The shocking nature of sex crimes often leaves those convicted facing social stigmatism long after the formal penalties end. Required sex offender registration can add to the problem as it limits where you can live and work.
Ten years to life
Lawmakers created the sex offender registry to protect the public from sexual predators. Both juveniles and adults convicted of applicable crimes must register. Under Texas law, over 20 sexual offenses require sex offender registration following a conviction. If you were convicted of a sex crime in another state, you may still need to register if your offense bears a similarity to a Texas offense that requires registration. Depending on your offense, the duration of your registration may last either ten years or for the rest of your life. Failure to register is a felony.
A loss of privacy
Given the highly sensitive nature of sex crimes, you may have taken steps to handle your case discretely. However, required sex offender registration makes information about you and your offense public. Upon registering, you must provide:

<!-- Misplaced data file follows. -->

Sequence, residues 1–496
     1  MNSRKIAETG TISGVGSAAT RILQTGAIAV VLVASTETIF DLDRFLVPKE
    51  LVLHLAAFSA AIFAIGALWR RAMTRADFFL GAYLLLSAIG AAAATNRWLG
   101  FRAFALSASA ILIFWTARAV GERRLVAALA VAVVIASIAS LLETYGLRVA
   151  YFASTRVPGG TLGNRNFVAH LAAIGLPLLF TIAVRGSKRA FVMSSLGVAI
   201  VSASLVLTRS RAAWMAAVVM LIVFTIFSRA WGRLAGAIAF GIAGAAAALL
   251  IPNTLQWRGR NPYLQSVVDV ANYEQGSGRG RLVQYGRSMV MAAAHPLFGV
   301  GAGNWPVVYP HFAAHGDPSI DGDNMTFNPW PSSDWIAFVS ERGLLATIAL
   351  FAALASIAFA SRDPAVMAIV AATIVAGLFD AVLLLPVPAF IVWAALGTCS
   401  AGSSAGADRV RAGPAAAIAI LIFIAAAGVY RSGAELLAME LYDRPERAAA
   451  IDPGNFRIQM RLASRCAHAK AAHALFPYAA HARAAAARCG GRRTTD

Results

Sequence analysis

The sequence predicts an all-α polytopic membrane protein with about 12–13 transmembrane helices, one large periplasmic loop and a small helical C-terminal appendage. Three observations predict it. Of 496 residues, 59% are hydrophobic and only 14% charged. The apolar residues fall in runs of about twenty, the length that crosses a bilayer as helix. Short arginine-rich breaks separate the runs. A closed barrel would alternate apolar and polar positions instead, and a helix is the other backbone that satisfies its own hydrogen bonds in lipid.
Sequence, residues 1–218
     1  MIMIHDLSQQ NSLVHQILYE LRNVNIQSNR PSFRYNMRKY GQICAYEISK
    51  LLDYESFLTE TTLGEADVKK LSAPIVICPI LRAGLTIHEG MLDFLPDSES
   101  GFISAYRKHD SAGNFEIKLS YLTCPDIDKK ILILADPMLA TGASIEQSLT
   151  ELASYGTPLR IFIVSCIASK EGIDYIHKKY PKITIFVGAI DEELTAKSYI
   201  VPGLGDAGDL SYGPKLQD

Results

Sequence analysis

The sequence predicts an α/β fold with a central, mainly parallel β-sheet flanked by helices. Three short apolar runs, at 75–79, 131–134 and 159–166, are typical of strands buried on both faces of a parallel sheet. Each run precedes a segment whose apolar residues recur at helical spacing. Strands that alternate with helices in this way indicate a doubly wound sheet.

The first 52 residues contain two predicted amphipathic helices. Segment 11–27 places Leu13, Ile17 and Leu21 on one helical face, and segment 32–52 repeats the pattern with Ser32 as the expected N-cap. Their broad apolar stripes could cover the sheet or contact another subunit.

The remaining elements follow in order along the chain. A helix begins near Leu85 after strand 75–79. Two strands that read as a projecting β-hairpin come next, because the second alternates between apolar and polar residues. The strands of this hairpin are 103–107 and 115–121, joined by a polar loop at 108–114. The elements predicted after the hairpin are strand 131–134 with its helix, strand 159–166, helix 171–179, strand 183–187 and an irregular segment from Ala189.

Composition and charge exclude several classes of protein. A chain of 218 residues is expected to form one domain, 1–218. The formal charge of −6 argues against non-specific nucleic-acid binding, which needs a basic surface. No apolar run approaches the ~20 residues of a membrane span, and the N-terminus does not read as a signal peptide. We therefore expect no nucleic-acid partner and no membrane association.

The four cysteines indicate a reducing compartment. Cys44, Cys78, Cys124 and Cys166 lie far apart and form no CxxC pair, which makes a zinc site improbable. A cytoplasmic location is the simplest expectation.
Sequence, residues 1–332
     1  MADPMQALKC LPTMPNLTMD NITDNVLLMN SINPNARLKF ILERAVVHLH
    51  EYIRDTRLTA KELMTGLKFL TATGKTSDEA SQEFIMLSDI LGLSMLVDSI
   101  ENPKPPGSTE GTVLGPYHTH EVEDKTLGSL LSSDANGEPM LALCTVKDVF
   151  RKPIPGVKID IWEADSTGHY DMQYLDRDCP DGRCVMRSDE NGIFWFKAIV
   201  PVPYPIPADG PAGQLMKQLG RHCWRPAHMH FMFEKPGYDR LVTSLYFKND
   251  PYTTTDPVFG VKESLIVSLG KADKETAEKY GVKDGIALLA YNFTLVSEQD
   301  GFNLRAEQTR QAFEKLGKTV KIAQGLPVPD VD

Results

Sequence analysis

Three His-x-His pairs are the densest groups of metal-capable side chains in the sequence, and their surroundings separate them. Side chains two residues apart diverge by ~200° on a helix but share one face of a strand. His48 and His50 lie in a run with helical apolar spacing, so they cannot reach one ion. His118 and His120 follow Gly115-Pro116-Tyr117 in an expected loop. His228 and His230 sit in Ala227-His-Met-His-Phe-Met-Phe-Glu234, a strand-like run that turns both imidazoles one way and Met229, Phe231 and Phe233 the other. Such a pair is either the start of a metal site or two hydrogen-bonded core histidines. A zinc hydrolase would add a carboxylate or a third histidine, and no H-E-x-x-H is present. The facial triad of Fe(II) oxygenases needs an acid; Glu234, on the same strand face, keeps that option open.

- Your full name
- Your address
- Your conviction
- A color photograph
After submitting the above information, law enforcement will periodically require you to verify accuracy. If something changes, you are responsible for promptly reporting changes to law enforcement.
The information about your person and whereabouts that you provide is entered into a statewide sex offender registration database maintained by the Texas Department of Public. Similar databases exist at local law enforcement levels. Most of this information is available to the public.
Sex offender registration laws also allow local authorities to notify community members about sex offenders by placing notifications in local publications, such as community newsletters and local newspapers. If your offense classifies you as a sexually violent predator, authorities will mail a notification with your information to each local residence and business.
Subject to an imperfect system
Although designed to protect public welfare, the sex offender registration system is not without flaws. Once registered, all offenders face the same scrutiny even though the seriousness of the offenses can differ significantly. If you are facing a sex crime charge, skilled legal representation can help you avoid registration.